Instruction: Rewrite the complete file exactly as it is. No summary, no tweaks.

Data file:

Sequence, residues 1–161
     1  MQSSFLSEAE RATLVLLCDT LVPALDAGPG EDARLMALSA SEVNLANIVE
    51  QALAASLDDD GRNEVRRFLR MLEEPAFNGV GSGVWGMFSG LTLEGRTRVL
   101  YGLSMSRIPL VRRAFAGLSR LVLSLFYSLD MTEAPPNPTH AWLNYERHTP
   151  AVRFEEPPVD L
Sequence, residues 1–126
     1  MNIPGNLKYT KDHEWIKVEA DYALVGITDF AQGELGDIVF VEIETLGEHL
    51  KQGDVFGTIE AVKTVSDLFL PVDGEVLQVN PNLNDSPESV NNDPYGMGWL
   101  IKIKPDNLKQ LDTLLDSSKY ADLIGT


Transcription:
Sequence, residues 1–161
     1  MQSSFLSEAE RATLVLLCDT LVPALDAGPG EDARLMALSA SEVNLANIVE
    51  QALAASLDDD GRNEVRRFLR MLEEPAFNGV GSGVWGMFSG LTLEGRTRVL
   101  YGLSMSRIPL VRRAFAGLSR LVLSLFYSLD MTEAPPNPTH AWLNYERHTP
   151  AVRFEEPPVD L
Sequence, residues 1–126
     1  MNIPGNLKYT KDHEWIKVEA DYALVGITDF AQGELGDIVF VEIETLGEHL
    51  KQGDVFGTIE AVKTVSDLFL PVDGEVLQVN PNLNDSPESV NNDPYGMGWL
   101  IKIKPDNLKQ LDTLLDSSKY ADLIGT